Green building is a common phrase thrown around today. There is no doubting that concentrating on green building and sustainability is a positive thing for the world. However, there are some serious issues with the way some buildings are being labeled as “green”. The reality is that a lot of these so-called green buildings actually don’t save energy, which is the main idea right? Below are some important misconceptions with green building.
Many of today’s green buildings don’t save energy for a number of reasons. For one, they contain way too much glass. Windows and curtain walls are the most expensive part of the building as well as the least energy efficient. As an example, take an extremely well insulated wall, at R-40, and install the good windows with thermally unbroken aluminum frames and high performance glazing (low-e and argon filled) with a U-value of .30. Assume that the window-to-wall ratio (WWR) is less than 40%, which is the highest recommended ratio for high performance buildings. That wall, insulated at R-40, actually has an efficient R-value between 7-12. To sum it up, use less glass, use less energy.
Another increasingly popular building technique is the idea of a green roof, a good idea but not always a way to save energy. It seems in this situation that some professionals in the green realm are more interested in green materials than what being “green” should actually mean. Insulation is used for a reason, it saves energy. Dirt and grass are not forms of insulation, and if they were you would see walls filled with dirt instead of fiberglass batts. Further, a green roof needs to be watered, so you are actually purposely placing water on the roof of the building. A roof is intended to remove water and to intentionally water a roof seems a bit alarming. They may be pretty and serve other laudable goals but the reality is a green roof does not usually save energy and costs.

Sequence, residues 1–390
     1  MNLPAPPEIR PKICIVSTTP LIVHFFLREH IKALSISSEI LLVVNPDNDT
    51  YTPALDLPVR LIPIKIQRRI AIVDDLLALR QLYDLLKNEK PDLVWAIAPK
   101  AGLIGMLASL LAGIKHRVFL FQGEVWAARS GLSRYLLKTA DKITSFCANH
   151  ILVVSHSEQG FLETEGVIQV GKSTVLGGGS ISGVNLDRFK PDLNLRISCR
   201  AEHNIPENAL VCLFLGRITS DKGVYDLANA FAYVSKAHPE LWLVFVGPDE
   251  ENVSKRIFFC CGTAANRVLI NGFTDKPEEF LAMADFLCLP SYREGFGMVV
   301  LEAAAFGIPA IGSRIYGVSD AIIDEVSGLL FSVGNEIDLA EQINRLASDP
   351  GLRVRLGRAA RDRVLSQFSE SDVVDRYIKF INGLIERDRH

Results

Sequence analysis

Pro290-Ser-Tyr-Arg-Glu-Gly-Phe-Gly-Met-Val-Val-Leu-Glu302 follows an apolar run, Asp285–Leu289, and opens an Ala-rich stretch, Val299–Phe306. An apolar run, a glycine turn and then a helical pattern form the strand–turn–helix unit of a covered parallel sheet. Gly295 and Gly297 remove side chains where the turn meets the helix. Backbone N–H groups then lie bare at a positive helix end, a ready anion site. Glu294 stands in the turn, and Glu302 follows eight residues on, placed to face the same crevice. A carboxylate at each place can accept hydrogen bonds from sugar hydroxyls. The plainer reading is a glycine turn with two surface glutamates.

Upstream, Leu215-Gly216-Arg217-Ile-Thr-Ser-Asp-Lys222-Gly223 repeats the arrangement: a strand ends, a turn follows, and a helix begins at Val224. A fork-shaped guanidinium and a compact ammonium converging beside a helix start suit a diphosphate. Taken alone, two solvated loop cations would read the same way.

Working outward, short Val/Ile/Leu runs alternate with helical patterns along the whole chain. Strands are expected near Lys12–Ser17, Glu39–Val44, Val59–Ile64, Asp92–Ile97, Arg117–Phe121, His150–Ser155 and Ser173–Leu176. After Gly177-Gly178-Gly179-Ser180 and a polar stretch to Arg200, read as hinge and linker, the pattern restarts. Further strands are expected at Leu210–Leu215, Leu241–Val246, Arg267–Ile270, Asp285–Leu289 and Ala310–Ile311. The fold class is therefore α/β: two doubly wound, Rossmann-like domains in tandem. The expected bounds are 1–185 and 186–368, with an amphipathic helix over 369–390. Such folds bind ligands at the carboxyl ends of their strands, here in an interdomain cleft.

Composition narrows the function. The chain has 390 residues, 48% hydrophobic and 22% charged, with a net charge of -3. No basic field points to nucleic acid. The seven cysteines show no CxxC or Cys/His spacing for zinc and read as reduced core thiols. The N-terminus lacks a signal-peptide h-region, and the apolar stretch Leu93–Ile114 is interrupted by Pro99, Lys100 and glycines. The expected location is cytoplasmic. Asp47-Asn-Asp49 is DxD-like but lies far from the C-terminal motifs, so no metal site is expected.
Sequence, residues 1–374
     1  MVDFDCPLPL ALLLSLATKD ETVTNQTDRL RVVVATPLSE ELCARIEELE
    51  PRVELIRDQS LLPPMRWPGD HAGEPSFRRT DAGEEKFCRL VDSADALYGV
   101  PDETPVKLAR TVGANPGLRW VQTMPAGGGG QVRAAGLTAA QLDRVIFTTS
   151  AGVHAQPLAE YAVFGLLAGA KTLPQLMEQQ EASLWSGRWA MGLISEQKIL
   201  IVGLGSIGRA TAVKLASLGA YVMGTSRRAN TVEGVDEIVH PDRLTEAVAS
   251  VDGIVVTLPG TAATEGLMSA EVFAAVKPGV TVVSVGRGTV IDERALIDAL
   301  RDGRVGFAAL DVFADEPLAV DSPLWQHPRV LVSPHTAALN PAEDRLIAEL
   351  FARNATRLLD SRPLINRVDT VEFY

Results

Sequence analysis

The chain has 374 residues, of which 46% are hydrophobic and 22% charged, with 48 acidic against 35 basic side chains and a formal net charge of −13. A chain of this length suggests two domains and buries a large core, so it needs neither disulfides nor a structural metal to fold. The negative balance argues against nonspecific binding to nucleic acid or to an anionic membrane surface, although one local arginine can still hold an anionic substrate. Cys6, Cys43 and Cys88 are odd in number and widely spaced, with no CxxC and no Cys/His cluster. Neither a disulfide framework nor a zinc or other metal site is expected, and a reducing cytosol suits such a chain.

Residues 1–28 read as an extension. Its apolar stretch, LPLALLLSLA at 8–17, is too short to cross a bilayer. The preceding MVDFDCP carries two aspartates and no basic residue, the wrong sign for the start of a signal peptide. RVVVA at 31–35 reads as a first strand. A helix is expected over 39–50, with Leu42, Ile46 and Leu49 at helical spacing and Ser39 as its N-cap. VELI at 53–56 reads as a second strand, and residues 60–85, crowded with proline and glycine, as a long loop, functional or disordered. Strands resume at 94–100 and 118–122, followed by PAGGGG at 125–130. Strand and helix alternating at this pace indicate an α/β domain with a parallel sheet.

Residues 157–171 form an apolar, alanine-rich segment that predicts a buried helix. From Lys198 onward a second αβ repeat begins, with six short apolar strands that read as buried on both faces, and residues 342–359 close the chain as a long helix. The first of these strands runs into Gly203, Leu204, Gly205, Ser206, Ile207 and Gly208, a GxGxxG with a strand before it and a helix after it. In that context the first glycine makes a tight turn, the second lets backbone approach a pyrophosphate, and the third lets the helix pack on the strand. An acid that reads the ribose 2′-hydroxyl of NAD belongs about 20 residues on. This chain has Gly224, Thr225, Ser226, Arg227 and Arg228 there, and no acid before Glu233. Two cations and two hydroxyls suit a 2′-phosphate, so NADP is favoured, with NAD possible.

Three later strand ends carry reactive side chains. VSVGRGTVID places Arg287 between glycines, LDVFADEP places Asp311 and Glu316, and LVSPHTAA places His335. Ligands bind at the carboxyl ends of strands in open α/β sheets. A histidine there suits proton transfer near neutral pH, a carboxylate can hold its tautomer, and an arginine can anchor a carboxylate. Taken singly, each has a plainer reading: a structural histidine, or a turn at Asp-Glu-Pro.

A third misconception is in the homes themselves. Studies show that the average size of a U.S. home more than doubled between the 1950s and 2003, which is not hard to believe. During that time, the number of people living in a single home has decreased, meaning the average space per person increased three-fold. All this excessive space in a home is not “green.” A smaller, poorly insulated home will use less energy than a larger well insulated one, as well as create far less construction waste. Further, the homes popping up all over the suburbs lead to other energy problems. Remember, being “green” is not just limited to one sector of your life. Owning an energy efficient home but are driving 45 minutes to an hour to work is not being green. To truly be green, we must include the principles of green living in all parts of our lives.
The concentration on building green is undoubtedly a positive. But, like many products, you need to read the fine print. When you’re at the grocery store and you see a “light” or “fat free” product, you read the label to see the actual nutrition facts. The same investigation needs to occur with today’s “green” buildings.
What are the chances this building is energy efficient?